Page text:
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Our laboratory is interested in the organizing principles of the eukaryotic genome and the epigenetic functions in development and disease. We are focused on two types of related regulatory DNA elements that have seemingly opposite functions: (1) insulators, also known as chromatin boundary elements, which are DNA elements that block unwanted gene activation by enhancers from neighboring genes and (2) Promoter Targeting Sequences, PTS, a novel type of regulatory element which selectively facilitates long-range enhancer-promoter interactions. Both of these elements were found in the Drosophila homeotic gene complex, a conserved cluster of Hox genes, which control cellular identities throughout the animal kingdom. Mutations in these genes and their regulatory regions result in developmental defects in flies and in a range of diseases including birth defects and cancer in humans.
One of the most important questions of the functional eukaryotic genome is how large-scale genome structure and epigenetic function are organized and regulated. One class of specialized DNA regions called insulators, or chromatin boundary elements, have been identified from yeast to humans. These elements are believed to organize the genome into distinct areas called functional loop domains, in order to restrict regulatory activities locally by preventing inappropriate mis-regulation.
Recently, we and others identified the Drosophila CTCF and demonstrated that this protein mediates the insulator function of the Fab-8 element from the Abd-B locus. To understand the role of CTCF in large-scale organization of chromosome structure, we conducted a Chromatin Immunoprecipitation followed by genome-wide tiling array analysis on CTCF-binding sites. Our analysis reveals that CTCF binds to many known domain boundaries within the Abd-B gene of the BX-C including previously characterized Fab-8 and MCP insulators, and the Fab-6 region. We also found that dCTCF-binding sites are often situated between closely positioned gene promoters, consistent with the role of CTCF as an insulator protein. Importantly, CTCF tends to bind gene promoters at the upstream of transcription start sites, in contrast to the predicted binding sites of the insulator protein Su(Hw). These findings suggest that CTCF plays a more active role in regulating gene activity and that it functions differently from other insulator proteins in the genome.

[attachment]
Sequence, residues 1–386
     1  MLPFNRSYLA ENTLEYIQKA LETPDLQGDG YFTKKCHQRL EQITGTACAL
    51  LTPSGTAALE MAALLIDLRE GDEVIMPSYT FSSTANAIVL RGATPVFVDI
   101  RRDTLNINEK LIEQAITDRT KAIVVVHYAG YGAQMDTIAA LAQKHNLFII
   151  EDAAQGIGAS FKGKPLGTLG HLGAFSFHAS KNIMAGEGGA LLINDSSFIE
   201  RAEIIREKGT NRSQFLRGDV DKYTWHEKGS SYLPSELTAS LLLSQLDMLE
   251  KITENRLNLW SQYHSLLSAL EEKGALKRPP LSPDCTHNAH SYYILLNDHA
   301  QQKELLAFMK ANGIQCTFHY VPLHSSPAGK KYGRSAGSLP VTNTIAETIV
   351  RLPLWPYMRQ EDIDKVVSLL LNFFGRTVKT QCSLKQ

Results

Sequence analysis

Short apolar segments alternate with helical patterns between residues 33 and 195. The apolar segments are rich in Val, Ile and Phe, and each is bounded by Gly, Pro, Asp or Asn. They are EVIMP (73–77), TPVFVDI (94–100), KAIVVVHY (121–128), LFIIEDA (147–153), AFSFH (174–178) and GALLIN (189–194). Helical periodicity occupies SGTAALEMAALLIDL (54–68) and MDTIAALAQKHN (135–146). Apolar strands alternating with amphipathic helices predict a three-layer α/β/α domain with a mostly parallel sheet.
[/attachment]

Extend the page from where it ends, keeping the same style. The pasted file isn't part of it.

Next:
Currently we are analyzing how CTCF binding relates to other genomic features, epigenetic marks, and chromosomal proteins in collaboration with Dr. Ramana Davuluri’s group also from the Wistar Institute. Preliminary results suggest that CTCF tends to associate with Polycomb group silencers and the cohesin/condensing family of proteins. In contrast, the insulator protein SuHw does not exhibit such a trend. This observation and the study discussed above suggest that SuHw and CTCF have different organizing roles in the genome.